- Industrial Instruments - employers should review their industrial instruments to ensure any actions they take in terms of leave, stand-down and flexible work arrangements are taken are in line with these instruments, and after consultation with the workforce.
Property Related Guidelines
With the National Cabinet agreeing to allow restaurants, cafes and licensed venues to gradually reopen, the hospitality industry will need to ensure they reopen in compliance with their health and safety duties to their workers and customers.
Having regard to the size of the industry and the frequency of human interaction, SafeWork released a comprehensive set of guidelines for the hospitality industry including but not limited to emergency plans, physical distancing, monitoring, hygiene, cleaning and more.
Firstly, employers are required to prepare an emergency plan which must set out the requirements and instructions for workers and patrons in the event of an emergency. Employers are also required to reconsider and, if necessary, redevelop their current emergency plans to ensure compliance with COVID-19 health directions.
With restaurants, cafes and licensed venues often taking up confined spaces, it is important for employers to bear in mind social distancing requirements. In order to reduce the number of breaches of health directions in the hospitality sector, SafeWork has released several control measures such as minimising the number of people within an area at any time, separating dining tables and bar chairs, staggering start and finish times, moving work tasks to different areas of the workplace and ensuring each worker has their own equipment and tools.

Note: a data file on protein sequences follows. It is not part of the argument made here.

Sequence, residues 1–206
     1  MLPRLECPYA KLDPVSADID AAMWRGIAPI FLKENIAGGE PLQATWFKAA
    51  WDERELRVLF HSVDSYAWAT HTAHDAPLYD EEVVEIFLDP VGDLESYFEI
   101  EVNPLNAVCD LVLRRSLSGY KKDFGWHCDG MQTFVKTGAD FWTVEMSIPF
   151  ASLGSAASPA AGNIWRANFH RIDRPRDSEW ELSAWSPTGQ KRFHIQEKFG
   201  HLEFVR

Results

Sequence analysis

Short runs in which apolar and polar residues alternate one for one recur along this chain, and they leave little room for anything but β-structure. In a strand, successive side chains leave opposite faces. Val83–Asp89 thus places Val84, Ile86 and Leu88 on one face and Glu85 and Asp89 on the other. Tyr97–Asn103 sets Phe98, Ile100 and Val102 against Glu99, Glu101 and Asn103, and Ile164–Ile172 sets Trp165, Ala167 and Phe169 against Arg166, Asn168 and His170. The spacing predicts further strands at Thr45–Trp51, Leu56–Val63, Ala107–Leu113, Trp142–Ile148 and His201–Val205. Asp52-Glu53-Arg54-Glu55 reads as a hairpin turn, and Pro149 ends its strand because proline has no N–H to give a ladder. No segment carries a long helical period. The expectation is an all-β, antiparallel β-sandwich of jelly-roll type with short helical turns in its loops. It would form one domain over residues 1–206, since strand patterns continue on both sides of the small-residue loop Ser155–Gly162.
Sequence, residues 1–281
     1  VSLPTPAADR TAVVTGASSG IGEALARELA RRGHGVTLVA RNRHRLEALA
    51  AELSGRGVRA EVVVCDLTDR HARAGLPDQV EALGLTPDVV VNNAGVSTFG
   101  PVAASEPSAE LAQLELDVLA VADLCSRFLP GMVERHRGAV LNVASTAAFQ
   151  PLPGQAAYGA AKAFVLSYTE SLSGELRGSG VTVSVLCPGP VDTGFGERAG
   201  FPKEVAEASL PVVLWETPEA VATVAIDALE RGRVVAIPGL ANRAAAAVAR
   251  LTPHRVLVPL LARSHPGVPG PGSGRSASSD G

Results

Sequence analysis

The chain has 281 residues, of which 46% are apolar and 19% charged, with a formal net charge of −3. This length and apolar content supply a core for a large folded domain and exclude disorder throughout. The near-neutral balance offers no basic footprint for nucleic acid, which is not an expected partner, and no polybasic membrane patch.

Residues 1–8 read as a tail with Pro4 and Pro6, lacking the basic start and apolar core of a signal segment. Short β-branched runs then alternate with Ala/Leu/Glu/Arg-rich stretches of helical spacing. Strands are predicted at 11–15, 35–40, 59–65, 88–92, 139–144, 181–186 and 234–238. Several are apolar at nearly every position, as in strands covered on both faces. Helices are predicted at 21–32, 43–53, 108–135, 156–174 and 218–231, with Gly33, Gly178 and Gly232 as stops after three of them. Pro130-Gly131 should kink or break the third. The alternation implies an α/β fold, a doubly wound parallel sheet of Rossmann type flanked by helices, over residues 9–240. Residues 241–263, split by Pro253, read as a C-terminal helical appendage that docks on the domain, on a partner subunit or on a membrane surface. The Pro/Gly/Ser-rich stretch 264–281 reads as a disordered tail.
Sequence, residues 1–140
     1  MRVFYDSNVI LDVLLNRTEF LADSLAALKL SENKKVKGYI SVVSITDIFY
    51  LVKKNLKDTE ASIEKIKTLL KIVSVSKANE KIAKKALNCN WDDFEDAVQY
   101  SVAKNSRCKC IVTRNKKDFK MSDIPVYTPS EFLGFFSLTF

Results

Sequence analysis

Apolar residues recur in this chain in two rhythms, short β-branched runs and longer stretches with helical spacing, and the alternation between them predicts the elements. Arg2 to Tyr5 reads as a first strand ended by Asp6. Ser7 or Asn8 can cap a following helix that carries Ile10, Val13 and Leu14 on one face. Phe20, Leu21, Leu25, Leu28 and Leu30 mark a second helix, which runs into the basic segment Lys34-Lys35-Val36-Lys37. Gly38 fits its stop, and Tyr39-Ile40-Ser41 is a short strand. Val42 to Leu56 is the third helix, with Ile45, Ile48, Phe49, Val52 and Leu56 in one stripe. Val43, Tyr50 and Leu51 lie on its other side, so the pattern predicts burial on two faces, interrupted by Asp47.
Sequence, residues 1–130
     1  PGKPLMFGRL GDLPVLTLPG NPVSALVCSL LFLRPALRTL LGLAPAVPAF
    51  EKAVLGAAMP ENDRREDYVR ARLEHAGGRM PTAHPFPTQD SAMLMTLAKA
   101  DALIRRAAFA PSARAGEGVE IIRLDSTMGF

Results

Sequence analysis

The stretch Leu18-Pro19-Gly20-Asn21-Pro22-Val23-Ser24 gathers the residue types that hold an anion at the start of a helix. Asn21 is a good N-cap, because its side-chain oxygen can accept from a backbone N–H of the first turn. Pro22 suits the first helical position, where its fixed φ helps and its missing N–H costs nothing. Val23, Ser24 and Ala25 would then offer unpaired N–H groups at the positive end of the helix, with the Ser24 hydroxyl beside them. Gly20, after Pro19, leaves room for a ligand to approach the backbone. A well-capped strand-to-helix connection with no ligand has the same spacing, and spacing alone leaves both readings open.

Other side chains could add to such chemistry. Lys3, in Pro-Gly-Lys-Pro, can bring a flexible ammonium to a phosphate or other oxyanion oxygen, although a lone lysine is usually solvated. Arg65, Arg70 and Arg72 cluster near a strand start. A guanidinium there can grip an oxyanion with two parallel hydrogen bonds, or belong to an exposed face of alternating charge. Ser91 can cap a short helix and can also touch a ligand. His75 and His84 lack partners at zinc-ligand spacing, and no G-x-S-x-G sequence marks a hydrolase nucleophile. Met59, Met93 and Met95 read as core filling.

SafeWork also emphasised the need for employees to consistently and thoroughly wash their hands to avoid the spread of COVID-19 through the kitchen and service of food and beverages.
As the return to workplaces gathers momentum, a return to working in commercial office buildings is likely to occur.
SafeWork guidelines encourage employers occupying office spaces to redesign the layout of the office to ensure that workers are 1.5 metres apart at all times. This can include reconfiguring office desks and restricting movement throughout the office by creating pathways and spreading out furniture. In addition, SafeWork has encouraged the use of floor and/or wall markings and signage to identify 1.5 metres distancing requirements.
In changing the layout of the office, it is important for employers to consider the need for employees and/or visitors to safely enter, exit and move about the workplace under normal working conditions and in an emergency, without risks to their health and safety so far as is reasonably practicable.
Spaces within offices that present significant risk include common areas such as kitchens, break rooms, bathroom facilities and lifts. SafeWork recommends implementing policies that reduce the number of workers utilising these areas at one time, such as staggering meal breaks and start times and implementing measures in waiting areas for lifts. SafeWork has also published policies to implement for deliveries, contractors and visitors attending the workplace.
With respect to the office, landlords and/or building management are required to implement a master plan for all tenants and patrons to follow during an emergency. This is in addition to the emergency plan required to be implemented by employers with respect to their exclusive office space.
Another key consideration is how workers will be able to use lift facilities whilst adhering to the social distancing guidelines. The practices and policies surrounding lift use are predominantly an issue for landlords and/or building management, however it will also be relevant to employers where employees must access premises via lifts. In order to facilitate the safe return to work whilst maintaining the efficient use of lift services, SafeWork advises that there is no requirement to provide 4 square meters of space per person in lifts. It is still important however, to ensure, as far as reasonably practicable, that people maintain physical distancing in lifts and lift waiting areas.
Although SafeWork suggests it is safe to be within 1.5 metres of another person when using a lift for a short period of time, it is recommended that: